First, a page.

He's absolutely right. But let's not let the politicians off the hook because we've often lamented for example about the lack of MPs and what are they doing. Now we think there is a gross unwillingness for the political parties to address this fundamental problem. And like the questions says, black people must take responsibility too, and that's exactly what our campaign is about. In fact we go one step further and we say that we are following in the footsteps of those great leaders such as Dr Martin Luther King, Malcolm X or Nelson Mandela, who was here a few weeks ago. A fundamental aspect to these great people was the political empowerment of black people and we're saying that we want our people to be registered to vote, we want them to say, civic duty to become magistrates, to become school governors, to become councillors, to become MPs, but there's also a duty, there's also the willingness from the parties to open the door and to ensure that they have an equitable

NEWS ONLINE HOST

Well, the thing is of course, in some parties, you have black caucuses. Now that puts the backs of some people up within that party and would work against you.

SIMON WOOLLEY

It's a shame that it should put the backs up because, you know there's been gender caucuses to address gender imbalance and that's put the back up of some narrow-minded, often sexist men with the parties. My response to them is that our contribution will enhance political parties, democratic institutions and society in general. Give us an equitable seat and you will benefit.

NEWS ONLINE HOST

Ok, well moving on then to participation strategy and Nicholas Gilley from Borehamwood, he asks what can I do as a voter to increase the presence of black people in the House of Commons?

SIMON WOOLLEY

Well, it's a good question and I'm pleased that one of your callers has made that point. Because it isn't just our struggle, too, it's everyone's struggle. We want Britain and British democracy to be inclusive, to be representative, to be dynamic. As Tony Blair said in his first speech as Prime Minister, we want to be a beacon to the world. Well, your caller can help by telling those politicians that come to his door seeking his vote, what are you doing about ensuring we have representative democracy in this country, that all people, black and white, young and old, able and disabled, have a place on the decision-making table? It's all our problem and getting it right, we will all benefit.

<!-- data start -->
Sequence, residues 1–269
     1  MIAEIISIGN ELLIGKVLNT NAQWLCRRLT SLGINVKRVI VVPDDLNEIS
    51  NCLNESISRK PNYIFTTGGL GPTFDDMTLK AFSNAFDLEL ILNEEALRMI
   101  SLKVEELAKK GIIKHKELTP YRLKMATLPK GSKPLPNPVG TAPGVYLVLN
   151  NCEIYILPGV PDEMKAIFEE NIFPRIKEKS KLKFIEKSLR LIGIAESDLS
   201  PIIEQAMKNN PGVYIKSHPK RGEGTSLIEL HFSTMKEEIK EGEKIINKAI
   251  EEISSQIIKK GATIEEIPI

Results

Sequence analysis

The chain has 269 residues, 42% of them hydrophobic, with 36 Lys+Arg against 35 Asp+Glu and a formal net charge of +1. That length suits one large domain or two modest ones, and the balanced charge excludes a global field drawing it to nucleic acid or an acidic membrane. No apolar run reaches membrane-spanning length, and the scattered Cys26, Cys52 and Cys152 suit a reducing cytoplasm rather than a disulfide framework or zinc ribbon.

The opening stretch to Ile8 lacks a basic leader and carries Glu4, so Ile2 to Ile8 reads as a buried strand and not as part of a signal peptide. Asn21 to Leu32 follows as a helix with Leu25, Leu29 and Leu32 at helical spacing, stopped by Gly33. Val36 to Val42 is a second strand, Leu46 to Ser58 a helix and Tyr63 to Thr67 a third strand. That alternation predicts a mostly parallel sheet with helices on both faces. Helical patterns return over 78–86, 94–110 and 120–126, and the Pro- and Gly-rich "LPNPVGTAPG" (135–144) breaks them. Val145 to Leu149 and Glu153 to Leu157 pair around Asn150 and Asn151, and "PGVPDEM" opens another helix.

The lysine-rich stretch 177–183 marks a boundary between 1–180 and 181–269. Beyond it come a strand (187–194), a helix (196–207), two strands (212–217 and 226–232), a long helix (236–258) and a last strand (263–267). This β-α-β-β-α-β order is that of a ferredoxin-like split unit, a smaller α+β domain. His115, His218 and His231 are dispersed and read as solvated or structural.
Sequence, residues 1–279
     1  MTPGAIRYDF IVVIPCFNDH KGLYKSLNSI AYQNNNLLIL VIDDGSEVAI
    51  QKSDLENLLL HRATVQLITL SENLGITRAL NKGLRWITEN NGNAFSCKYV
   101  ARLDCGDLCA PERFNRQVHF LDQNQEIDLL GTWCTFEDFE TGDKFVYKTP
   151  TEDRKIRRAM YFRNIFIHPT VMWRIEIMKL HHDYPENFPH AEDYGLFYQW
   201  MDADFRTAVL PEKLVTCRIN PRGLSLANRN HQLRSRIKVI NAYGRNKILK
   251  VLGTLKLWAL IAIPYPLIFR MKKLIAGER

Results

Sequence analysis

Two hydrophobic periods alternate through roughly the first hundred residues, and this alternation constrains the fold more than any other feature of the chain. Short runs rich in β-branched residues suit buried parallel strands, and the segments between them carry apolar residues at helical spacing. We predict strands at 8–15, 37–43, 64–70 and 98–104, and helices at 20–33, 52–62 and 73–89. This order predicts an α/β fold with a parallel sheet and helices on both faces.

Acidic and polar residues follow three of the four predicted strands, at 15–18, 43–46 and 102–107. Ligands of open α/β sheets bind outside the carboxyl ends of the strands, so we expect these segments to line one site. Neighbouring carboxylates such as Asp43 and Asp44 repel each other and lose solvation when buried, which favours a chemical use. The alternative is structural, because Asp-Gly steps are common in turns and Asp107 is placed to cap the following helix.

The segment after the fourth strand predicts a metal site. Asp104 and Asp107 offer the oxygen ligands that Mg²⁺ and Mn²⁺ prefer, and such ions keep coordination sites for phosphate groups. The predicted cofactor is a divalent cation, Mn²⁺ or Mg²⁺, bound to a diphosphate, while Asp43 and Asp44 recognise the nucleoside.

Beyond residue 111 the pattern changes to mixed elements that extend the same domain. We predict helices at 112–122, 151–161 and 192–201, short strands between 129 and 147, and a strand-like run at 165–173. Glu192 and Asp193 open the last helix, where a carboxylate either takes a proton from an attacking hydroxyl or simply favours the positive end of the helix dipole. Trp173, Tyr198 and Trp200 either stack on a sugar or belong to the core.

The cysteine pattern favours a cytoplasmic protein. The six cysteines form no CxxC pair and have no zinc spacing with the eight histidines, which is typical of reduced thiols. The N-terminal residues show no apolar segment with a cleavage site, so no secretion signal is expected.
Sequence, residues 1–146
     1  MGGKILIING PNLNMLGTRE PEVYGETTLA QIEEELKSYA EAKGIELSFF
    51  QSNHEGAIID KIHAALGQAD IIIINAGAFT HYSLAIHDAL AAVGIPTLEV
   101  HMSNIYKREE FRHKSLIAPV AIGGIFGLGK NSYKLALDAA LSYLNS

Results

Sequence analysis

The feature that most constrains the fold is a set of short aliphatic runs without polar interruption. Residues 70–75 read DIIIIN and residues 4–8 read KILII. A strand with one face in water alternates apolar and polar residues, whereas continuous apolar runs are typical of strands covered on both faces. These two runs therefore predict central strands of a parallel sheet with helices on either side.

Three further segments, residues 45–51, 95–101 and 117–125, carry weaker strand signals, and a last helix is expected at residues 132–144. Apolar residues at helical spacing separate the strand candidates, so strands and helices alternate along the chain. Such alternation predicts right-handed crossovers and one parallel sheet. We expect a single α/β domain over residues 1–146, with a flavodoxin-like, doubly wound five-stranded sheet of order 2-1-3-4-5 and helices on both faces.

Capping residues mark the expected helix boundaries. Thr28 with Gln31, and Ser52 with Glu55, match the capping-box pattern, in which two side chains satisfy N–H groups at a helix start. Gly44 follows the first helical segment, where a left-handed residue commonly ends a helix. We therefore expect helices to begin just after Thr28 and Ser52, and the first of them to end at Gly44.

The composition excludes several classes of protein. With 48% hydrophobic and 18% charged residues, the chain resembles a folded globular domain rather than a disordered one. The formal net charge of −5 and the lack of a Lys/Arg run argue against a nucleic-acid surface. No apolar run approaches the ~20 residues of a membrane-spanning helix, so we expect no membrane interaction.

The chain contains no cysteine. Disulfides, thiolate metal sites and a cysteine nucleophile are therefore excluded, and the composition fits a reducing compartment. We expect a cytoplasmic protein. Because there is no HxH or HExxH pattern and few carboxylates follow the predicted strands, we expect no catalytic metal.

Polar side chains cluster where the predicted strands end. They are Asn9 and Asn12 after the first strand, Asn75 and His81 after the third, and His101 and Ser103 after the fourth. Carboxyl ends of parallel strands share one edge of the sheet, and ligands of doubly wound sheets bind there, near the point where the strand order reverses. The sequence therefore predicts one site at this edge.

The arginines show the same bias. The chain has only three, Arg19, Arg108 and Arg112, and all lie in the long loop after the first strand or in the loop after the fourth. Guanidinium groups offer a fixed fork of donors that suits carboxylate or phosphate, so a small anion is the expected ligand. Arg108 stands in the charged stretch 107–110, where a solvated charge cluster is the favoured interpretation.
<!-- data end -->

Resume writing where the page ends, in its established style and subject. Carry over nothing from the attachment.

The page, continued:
NEWS ONLINE HOST

You made the point about people holding perhaps holding up a hundred point note, I mean it sounds really as if you're saying, here I am, you know, my vote is for sale. I don't think that's quite what this person meant. Do you think?

SIMON WOOLLEY

I think so. I think that what he was saying, what can I do as a contribution, and he must do that. Because when people, say, go out and vote, there's no point just going to the polling booth and voting. We say you've got to use your vote and your voice. A vote is a valuable asset, people have died for the vote and so we must put some value to it. So when people come down to their doors and say, what are you doing for us, you say, well, what are you doing for me?

NEWS ONLINE HOST

Well, there's a great fear this time of apathy and that people won't, maybe, won't vote at all. Do think that applies to the ethnic community?

SIMON WOOLLEY

I don't think apathy has little to do with black community's non-involvement, I don't think it has little to do with white people's non-involvement. I think it's a sense of frustration that politicians are not accountable to the electorate. But, you know, as one of your callers said before, we've got to take responsibility to ensure politicians are accountable too. We're afforded rights and with those rights and with those freedoms comes responsibilities and the responsibility of the caller with the last question is that make sure that the politicians that come to your door are accountable for your concerns.

NEWS ONLINE HOST